A gathering of people affected by Parkinson’s was held today on the Ha’penny Bridge, asking the public to come together in their support for Parkinson’s patients.
This year marks the 200th anniversary since Dr James Parkinson first identified the condition and the bridge was chosen as it also recently turned 200.
Participating at this morning’s launch was RTÉ broadcaster Eileen Dunne, who said: “I am delighted to be here today to support those living with this condition in Ireland, and shine a light on the amazing work that the PAI does for its members in its 18 branches across the country.”
The condition affects more than 12,000 people in Ireland and Parkinson’s Awareness Week is running from April 4 – 9.
Paula Gilmore, CEO of the Parkinson’s Association of Ireland (PAI), called on the Government to address a lack of funding for PAI services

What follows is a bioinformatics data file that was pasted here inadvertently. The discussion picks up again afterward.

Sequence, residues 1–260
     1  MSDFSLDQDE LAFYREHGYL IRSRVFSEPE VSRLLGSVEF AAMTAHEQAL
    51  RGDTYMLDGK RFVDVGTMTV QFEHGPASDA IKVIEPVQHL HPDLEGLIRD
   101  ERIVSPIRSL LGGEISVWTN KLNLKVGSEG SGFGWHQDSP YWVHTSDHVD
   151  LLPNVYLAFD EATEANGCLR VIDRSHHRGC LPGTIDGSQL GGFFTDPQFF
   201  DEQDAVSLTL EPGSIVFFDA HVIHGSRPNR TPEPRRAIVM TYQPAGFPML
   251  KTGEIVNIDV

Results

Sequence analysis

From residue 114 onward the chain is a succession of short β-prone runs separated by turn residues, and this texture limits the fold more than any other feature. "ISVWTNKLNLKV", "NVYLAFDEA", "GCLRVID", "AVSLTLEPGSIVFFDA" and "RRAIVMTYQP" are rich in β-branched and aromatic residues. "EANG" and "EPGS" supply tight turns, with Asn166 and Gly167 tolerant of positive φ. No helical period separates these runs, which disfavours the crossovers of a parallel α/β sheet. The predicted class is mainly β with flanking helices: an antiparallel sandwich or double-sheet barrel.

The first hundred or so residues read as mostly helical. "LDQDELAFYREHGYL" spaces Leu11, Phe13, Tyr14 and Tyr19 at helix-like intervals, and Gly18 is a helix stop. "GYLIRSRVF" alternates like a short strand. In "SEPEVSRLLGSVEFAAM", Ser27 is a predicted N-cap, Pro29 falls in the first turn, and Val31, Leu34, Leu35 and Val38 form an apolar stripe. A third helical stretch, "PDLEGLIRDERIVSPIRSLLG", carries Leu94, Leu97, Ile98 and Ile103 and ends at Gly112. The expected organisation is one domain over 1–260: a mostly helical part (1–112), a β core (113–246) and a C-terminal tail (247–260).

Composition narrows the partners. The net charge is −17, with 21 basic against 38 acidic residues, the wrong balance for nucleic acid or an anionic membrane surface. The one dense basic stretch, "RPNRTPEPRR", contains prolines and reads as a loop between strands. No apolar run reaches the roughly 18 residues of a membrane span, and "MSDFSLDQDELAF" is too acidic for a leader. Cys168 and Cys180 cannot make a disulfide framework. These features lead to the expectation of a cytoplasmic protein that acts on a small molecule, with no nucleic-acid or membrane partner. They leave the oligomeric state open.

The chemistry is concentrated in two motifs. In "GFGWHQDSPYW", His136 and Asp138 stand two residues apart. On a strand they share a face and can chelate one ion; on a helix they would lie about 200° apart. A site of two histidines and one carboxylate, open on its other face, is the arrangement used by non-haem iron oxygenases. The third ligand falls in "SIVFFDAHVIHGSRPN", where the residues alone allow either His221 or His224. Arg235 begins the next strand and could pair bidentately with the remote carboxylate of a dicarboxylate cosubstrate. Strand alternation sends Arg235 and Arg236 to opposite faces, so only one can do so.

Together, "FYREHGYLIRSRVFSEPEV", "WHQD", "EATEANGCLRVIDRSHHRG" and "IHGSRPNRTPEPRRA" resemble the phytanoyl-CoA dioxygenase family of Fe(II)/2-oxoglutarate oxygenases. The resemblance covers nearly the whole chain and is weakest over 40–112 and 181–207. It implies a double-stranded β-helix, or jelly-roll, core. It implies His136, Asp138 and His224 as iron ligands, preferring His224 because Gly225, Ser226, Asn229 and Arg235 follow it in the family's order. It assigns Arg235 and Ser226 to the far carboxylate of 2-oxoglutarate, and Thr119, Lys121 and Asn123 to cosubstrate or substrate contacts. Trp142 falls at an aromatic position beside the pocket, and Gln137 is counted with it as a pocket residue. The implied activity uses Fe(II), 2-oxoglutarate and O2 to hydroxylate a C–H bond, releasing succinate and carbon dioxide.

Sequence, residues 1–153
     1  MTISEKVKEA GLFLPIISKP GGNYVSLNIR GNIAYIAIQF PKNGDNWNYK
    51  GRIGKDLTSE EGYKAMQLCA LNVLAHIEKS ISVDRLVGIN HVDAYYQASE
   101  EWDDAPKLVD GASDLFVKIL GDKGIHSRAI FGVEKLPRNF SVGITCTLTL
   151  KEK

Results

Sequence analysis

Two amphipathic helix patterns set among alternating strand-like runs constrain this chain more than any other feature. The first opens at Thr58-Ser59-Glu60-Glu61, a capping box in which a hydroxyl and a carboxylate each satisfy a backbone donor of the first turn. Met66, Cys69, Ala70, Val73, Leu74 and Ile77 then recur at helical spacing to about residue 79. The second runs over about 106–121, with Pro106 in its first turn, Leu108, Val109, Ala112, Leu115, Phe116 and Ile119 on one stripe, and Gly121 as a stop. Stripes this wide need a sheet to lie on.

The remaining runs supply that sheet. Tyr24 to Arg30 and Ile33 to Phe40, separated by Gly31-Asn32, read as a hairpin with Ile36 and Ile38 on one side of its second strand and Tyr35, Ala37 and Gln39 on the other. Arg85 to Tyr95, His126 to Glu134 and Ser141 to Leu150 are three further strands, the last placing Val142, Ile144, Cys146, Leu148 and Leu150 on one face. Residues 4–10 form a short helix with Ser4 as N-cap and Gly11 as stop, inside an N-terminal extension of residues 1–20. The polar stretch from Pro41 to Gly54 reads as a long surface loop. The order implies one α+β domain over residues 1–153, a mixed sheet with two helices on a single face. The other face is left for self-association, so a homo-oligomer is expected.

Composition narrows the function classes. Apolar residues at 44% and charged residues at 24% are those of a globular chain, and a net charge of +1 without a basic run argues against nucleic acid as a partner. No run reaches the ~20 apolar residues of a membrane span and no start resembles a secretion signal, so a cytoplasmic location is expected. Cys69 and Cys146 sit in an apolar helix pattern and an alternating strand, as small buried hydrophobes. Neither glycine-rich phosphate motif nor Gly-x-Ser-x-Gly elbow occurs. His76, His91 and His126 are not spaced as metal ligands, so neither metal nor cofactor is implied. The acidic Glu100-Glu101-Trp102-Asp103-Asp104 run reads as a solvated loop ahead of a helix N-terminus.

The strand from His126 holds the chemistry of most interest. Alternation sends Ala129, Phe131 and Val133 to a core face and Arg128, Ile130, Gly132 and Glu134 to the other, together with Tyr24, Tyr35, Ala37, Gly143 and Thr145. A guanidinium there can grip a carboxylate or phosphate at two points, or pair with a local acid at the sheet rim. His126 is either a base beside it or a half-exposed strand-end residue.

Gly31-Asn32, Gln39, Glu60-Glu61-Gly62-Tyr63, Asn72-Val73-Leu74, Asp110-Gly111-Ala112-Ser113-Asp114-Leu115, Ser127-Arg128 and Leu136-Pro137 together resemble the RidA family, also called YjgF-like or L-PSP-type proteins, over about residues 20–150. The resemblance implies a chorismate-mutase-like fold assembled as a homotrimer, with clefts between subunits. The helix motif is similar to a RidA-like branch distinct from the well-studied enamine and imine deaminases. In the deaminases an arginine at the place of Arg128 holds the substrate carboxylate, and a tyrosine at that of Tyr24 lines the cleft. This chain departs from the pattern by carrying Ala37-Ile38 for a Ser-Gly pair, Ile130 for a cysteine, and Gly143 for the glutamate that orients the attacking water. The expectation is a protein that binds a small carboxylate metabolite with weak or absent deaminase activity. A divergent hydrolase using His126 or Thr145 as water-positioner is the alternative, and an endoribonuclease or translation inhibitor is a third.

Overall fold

“Currently, the PAI must step in and fund nurse and support services throughout the country, otherwise our members would be left with very little help.
“Our nurses and neurologists are amazing, but they are already spread so thin.”
Dr Richard Walsh, Neurologist in the Tallaght Movement Disorders Clinic, highlighted the urgent need for increased services within the Parkinson’s space.
“We have only five Parkinson’s Disease nurse specialists in the country, not all of whom work full time.
“It is estimated that we will need more than 25 nurse specialists to serve the growing population with Parkinson’s disease, which is expected to double in the next 20 years, further stretching the already very limited resources.”